Power cuts could hit all of Ireland this year
The State company that is trying to build a big electricity substation in Laois with the ESB has issued a warning about power problems facing Irelnad.
A new report from Eirgrid has warned that Ireland could be facing electricity shortages over the next five winters due to rising demand and the closure of older power plants.
The electric power transmission operator in Ireland has said the recent withdrawal of previously procured generation and a recent auction that did not clear the desired amount of electricity capacity could bring about energy shortages if no action is taken.
EirGrids chief executive Mark Foley said: "We expect system alerts to be a feature of the system over the coming winters and this winter is likely to be challenging"
The report found that despite a short-term reduction in electricity use due to Covid-19, demand in Ireland is on the rise and will increase significantly due to an increase in the number of large energy users – including data centres.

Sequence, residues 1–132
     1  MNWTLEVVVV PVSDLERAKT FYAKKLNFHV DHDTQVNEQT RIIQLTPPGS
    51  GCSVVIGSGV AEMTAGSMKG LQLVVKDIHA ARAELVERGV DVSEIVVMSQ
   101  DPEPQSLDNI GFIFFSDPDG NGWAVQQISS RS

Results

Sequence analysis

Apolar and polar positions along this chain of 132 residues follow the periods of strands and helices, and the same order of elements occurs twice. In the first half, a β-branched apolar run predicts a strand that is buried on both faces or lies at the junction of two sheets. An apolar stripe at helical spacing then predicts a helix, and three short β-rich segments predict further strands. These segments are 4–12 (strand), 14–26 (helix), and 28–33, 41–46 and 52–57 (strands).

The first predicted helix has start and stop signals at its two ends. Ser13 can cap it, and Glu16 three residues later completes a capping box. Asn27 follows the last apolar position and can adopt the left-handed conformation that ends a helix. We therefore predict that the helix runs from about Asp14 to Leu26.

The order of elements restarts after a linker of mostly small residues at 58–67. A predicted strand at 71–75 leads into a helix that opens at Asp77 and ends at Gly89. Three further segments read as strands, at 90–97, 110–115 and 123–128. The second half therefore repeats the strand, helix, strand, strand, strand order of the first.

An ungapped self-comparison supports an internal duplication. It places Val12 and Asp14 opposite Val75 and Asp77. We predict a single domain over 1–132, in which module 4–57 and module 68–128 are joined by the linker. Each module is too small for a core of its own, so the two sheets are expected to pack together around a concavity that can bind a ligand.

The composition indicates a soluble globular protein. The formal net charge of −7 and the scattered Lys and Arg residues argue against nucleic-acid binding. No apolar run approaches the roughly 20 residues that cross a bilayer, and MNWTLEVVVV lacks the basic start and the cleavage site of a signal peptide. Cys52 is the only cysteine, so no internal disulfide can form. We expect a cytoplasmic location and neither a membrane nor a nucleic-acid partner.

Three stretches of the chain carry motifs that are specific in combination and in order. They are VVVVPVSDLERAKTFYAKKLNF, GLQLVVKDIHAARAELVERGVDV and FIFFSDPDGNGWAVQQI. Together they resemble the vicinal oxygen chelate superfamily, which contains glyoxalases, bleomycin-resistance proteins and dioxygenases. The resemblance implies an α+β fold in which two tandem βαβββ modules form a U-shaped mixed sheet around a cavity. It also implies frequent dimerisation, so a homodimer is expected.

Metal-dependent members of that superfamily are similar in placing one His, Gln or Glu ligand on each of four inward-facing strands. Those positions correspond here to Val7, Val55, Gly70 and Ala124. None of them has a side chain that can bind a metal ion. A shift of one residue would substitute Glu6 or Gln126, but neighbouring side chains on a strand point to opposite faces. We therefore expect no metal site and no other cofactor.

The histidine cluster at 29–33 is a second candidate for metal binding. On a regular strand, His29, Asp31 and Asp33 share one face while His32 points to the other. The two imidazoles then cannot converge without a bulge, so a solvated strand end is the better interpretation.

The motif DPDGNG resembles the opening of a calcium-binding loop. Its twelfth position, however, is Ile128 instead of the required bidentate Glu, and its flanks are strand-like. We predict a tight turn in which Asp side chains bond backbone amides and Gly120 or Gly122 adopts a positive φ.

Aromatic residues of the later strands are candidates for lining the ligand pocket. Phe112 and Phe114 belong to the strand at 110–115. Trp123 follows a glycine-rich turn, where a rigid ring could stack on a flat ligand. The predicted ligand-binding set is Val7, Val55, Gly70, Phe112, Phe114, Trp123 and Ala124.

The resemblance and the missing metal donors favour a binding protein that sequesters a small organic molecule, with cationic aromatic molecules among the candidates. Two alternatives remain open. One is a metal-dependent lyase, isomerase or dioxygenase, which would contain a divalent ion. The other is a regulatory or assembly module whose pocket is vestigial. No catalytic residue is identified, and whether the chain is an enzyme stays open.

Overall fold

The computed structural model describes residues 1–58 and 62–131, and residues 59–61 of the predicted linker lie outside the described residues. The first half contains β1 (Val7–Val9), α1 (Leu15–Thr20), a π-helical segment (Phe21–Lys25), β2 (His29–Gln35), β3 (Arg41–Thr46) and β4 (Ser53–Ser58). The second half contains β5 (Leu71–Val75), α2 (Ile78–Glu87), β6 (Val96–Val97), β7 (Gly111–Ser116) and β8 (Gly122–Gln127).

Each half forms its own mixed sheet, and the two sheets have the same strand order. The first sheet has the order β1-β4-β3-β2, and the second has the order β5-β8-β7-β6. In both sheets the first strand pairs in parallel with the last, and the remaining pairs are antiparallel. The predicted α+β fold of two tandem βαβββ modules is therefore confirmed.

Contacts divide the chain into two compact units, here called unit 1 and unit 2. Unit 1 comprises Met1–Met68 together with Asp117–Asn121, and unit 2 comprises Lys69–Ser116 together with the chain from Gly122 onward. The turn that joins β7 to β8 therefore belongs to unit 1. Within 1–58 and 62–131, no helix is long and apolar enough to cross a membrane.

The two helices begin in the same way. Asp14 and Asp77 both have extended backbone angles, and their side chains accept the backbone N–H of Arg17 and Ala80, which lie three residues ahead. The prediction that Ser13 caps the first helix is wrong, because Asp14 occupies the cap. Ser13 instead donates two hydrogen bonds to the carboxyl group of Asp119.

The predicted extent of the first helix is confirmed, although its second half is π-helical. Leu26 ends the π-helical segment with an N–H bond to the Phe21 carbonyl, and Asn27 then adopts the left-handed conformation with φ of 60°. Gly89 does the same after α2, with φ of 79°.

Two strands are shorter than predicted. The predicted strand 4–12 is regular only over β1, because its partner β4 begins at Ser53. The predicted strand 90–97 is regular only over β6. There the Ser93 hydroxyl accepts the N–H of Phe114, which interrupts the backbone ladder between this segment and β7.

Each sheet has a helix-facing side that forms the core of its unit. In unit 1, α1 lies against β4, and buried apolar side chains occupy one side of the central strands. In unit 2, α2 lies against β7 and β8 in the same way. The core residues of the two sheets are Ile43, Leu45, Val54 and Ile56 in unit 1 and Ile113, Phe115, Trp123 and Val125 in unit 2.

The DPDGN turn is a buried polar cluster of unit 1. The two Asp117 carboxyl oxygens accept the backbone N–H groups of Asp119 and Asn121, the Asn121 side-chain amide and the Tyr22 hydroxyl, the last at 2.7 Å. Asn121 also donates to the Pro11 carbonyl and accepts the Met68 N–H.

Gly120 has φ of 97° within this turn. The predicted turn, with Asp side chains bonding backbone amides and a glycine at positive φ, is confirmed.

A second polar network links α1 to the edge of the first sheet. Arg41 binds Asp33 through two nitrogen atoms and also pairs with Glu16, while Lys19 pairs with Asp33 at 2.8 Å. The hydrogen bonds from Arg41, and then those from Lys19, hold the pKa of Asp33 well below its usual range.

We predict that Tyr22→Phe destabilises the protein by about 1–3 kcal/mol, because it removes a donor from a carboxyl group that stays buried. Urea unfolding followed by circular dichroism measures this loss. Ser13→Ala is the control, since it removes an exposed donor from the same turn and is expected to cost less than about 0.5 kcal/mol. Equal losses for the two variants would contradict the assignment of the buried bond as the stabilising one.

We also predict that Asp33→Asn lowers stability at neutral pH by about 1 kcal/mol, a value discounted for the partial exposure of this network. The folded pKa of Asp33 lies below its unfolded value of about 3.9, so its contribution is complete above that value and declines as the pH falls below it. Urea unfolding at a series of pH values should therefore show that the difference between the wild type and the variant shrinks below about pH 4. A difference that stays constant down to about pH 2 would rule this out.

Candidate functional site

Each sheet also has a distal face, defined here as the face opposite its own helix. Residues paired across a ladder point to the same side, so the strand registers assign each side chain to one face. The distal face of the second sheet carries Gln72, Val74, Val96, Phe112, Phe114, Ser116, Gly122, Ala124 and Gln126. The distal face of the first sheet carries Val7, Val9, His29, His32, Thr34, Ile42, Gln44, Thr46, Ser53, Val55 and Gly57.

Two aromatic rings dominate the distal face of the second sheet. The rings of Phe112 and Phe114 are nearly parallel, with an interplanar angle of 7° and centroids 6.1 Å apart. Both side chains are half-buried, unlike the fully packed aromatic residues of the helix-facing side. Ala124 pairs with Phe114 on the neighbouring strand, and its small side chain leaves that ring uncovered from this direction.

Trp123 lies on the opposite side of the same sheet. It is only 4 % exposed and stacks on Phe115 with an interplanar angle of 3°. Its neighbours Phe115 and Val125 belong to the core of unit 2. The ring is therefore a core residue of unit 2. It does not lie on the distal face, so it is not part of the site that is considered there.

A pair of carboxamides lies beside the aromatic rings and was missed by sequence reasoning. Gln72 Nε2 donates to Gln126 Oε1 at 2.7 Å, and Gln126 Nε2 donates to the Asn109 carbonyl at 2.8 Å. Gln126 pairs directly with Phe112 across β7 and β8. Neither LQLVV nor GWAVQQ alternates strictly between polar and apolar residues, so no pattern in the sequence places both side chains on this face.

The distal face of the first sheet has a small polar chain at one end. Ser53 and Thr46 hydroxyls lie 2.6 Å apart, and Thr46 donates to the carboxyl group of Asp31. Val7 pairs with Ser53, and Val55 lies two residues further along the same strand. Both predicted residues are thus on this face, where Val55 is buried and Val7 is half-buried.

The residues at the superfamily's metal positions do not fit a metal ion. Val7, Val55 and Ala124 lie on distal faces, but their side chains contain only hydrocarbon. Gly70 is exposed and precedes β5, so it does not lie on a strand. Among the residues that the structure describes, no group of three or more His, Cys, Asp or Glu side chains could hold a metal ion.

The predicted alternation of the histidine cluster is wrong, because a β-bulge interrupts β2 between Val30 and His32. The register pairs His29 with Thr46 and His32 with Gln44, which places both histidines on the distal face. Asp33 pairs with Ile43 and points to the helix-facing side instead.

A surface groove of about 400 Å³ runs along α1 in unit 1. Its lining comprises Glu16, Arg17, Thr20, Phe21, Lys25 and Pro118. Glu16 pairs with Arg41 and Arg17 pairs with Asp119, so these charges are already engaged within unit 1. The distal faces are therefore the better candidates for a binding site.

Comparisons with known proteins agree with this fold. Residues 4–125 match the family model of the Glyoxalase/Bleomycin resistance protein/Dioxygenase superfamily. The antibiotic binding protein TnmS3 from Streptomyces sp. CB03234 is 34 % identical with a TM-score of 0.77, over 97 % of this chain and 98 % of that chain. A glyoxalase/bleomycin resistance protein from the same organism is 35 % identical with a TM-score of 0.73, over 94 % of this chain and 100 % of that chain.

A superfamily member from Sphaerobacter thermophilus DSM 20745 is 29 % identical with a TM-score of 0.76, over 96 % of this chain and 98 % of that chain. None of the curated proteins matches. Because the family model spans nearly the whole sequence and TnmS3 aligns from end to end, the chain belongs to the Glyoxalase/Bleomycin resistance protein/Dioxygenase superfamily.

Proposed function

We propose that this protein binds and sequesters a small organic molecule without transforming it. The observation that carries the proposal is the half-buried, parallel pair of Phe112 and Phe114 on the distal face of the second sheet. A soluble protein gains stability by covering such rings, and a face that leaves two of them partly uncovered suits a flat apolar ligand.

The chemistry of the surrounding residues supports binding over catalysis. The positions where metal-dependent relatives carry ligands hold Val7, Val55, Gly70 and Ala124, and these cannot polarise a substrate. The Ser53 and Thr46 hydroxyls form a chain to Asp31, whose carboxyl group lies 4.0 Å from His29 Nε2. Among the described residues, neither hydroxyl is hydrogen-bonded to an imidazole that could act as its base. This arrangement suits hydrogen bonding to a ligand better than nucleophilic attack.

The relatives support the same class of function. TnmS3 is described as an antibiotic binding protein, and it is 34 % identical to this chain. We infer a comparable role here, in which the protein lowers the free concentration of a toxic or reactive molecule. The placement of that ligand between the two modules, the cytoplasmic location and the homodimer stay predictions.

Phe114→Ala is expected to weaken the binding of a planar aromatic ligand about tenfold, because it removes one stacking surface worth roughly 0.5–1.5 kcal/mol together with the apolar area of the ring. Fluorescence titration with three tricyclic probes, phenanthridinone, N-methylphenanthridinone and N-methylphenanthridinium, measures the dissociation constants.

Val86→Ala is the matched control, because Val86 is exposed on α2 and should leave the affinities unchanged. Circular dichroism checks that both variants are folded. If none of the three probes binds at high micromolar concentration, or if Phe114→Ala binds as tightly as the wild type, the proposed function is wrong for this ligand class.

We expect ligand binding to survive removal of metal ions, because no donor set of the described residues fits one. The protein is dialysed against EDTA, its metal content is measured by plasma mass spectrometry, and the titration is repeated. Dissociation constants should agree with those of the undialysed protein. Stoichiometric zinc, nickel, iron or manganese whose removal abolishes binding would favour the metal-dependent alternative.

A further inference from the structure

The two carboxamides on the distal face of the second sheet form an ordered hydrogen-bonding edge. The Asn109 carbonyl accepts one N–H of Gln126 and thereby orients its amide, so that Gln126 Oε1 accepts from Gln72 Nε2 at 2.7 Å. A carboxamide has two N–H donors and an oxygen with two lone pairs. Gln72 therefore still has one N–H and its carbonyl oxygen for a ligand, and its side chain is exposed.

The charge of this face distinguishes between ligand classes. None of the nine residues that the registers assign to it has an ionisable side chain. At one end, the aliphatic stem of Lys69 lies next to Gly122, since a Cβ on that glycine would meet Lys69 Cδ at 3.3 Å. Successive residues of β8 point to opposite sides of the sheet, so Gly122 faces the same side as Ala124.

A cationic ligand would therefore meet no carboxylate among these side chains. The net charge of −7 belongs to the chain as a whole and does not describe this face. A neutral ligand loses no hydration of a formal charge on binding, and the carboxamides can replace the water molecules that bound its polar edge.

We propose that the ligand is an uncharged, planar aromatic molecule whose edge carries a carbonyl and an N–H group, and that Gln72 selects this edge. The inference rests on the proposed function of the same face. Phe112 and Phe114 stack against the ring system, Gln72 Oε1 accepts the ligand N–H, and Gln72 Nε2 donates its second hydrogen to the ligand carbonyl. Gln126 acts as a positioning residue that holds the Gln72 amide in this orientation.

“It is clear from the report that new, cleaner gas-fired generation plant is required now to address this issue, especially for when wind and solar generation is low,” added the chief executive.
Speaking on Morning Ireland, Minister for the Environment, Climate and Communications Eamon Ryan, said he cannot "absolutely" rule out electricity blackouts in Ireland this winter.
"The main problem this winter is that two of our largest gas-fired most modern power plants have been out of action. They will come back into operation next month and the month after so that should allow us [to] manage. But this winter and the subsequent winters are going to be difficult."
Ryan also said the government knows what it needs to do, stating that it will have further auctions early next year with the goal of bringing additional backup power into place.
"It is going to be difficult but we will manage it," the minister added.
EirGrid and the ESB want to build an €110 million substation on the Kilkenny Laois line to improve and deliver a secure supply.
Local residents have campaigned against the project for more than a decade citing threats to the water supply as a reason why it should not be built.
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